They claimed that several local tech firms have already closed while many others are increasingly struggling to cope with the resulting drop in their dram-denominated revenues. They accused the Armenian government of doing nothing to shore up the sector.
The dram has appreciated against the U.S. dollar by about 22 percent and even more strongly against the euro since the start of the war in Ukraine. Its value has been primarily pushed up sharp rises in Armenian exports to Russia and Russian cash remittances to the South Caucasus country.
The vast majority of Armenian information technology (IT) companies sell their products in Western and other non-Russian markets. For them, the stronger dram therefore means less revenue.
“The continuing deterioration of the financial situation is leading many companies to ruin,” said Gevorg Safarian of LimeTech, a Yerevan-based company producing payment terminals and other customer service systems.
“This [government] indifference is unacceptable. Steps must be taken to stop this,” Safarian told a joint news conference with other tech executives.
“Companies that have for decades developed in a natural environment and created teams performing complex tasks are now on the brink of collapse,” said Armen Kocharian, the chief executive of the Software development company VOLO.
Arman Poghosian, who runs the Instigate Group comprising over a dozen tech firms, also hit out at the government.
“It’s not clear why they don’t care about losses suffered by the sector,” said Poghosian.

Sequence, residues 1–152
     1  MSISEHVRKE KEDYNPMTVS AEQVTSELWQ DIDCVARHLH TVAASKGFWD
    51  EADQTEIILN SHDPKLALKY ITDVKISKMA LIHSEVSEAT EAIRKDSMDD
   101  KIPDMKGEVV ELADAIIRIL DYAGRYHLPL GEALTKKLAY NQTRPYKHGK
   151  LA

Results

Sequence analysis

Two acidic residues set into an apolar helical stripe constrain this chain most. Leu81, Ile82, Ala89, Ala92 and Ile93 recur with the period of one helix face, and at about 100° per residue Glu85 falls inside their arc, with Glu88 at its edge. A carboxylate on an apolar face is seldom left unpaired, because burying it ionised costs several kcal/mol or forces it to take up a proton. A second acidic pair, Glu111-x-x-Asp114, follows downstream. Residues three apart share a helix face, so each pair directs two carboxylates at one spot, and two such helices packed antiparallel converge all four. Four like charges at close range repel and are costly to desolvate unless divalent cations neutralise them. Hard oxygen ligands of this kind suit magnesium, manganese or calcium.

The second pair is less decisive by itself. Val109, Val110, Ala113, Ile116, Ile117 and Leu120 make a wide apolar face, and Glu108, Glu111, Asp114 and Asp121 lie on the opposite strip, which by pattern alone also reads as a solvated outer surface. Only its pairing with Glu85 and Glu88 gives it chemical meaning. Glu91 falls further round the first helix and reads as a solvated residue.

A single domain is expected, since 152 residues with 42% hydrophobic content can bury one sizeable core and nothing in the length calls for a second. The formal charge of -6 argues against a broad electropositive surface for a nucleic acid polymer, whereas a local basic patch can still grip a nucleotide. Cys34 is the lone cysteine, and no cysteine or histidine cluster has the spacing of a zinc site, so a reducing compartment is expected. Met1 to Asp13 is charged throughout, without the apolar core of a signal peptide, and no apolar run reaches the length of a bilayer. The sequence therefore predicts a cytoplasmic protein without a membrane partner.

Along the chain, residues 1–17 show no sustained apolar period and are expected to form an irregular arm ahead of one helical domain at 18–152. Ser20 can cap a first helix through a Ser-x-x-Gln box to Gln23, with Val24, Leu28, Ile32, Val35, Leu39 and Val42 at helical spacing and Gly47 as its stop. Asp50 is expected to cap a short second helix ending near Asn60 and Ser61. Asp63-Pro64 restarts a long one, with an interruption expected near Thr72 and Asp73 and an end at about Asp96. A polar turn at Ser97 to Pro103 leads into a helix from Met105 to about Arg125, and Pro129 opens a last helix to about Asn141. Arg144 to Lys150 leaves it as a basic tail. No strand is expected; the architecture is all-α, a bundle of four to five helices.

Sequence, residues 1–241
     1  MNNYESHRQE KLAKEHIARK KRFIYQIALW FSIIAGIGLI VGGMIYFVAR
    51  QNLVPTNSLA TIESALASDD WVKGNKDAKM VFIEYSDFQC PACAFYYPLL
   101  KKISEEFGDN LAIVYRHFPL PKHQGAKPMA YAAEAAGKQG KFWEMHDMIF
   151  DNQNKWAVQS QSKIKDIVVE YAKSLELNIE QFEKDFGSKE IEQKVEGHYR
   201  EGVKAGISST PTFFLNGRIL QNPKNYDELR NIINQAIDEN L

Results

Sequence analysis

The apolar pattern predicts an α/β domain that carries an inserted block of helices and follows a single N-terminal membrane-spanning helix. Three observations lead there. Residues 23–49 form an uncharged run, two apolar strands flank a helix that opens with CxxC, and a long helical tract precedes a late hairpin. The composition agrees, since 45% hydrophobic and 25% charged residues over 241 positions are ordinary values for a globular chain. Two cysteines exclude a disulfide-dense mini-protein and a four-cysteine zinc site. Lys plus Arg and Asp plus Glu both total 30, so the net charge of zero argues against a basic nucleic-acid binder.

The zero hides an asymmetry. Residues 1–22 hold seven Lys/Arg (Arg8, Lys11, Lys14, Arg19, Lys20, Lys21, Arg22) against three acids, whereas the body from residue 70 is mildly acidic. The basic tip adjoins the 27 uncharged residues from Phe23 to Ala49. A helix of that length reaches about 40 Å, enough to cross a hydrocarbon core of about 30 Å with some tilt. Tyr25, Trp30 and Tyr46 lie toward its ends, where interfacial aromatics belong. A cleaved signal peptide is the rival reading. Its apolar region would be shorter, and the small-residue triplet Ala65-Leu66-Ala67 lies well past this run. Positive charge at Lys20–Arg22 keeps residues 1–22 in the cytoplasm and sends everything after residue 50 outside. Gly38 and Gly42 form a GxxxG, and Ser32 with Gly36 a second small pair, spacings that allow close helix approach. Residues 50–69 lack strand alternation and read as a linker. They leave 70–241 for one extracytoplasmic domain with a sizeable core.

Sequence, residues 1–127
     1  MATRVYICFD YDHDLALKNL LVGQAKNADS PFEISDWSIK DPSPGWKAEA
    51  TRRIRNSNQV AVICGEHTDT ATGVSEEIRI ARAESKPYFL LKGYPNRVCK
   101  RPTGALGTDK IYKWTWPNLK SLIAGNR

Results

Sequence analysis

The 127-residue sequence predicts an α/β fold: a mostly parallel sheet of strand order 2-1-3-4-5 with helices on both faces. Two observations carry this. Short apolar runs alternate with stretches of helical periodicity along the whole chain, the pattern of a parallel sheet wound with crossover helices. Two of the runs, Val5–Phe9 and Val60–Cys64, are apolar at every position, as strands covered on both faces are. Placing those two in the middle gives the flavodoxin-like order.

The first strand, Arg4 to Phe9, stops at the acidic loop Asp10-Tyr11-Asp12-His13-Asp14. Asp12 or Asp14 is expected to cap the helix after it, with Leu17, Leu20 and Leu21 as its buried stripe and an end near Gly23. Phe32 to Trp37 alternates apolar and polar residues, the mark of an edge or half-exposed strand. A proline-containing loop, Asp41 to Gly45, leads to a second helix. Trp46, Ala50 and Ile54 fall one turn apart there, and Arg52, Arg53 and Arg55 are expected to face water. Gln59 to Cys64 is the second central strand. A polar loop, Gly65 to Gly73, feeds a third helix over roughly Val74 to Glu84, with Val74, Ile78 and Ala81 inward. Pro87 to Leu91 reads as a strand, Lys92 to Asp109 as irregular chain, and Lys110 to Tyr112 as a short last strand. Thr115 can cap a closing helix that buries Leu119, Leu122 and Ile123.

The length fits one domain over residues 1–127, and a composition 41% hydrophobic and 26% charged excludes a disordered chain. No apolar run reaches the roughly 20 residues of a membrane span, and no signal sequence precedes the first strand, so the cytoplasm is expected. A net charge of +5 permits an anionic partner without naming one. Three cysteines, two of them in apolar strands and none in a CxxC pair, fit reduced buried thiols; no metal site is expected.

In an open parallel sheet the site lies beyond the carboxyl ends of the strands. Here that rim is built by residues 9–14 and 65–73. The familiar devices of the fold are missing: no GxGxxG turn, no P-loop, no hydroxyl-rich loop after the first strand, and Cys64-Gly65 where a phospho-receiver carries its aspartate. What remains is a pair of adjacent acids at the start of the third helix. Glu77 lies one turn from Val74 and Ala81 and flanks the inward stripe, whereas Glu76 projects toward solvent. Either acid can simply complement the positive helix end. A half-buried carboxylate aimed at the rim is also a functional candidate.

The Armenian Ministry of Economy declined to respond to the criticism mainly voiced by homegrown firms. Armenian subsidiaries of U.S. tech giants like Synopsys, National Instruments, Mentor Graphics and VMware have not publicly expressed such discontent so far.
Economy Minister Vahan Kerobian echoed the sector’s concerns in July, saying that an exchange rate of 450 drams per dollar is a “red line for our economy.” The dollar was worth only 395 drams on Wednesday.
Armenia’s Central Bank made clear in June that it will not cut interest rates or take other measures to weaken the dram. The authorities promised instead to support the IT industry with a major tax break. A corresponding bill drafted by Kerobian’s ministry has still not been sent to the Armenian parliament for approval, however.
The IT industry dominated by software developers has long been the most dynamic sector of the Armenian economy, having grown at double-digit annual rates since the early 2000s. A recently released list of the country’s 1,000 largest corporate taxpayers included 39 tech firms.
News.am cited the Armenian Ministry of High-Technology Industry as saying on October 20 that despite the dram’s appreciation the sector’s aggregate revenue surged by 56 percent in January-July 2022.
The sector was boosted by thousands of mostly young Russians who relocated to Armenia following Russia’s February 24 invasion of Ukraine. Many of them are computer programmers or other IT professionals.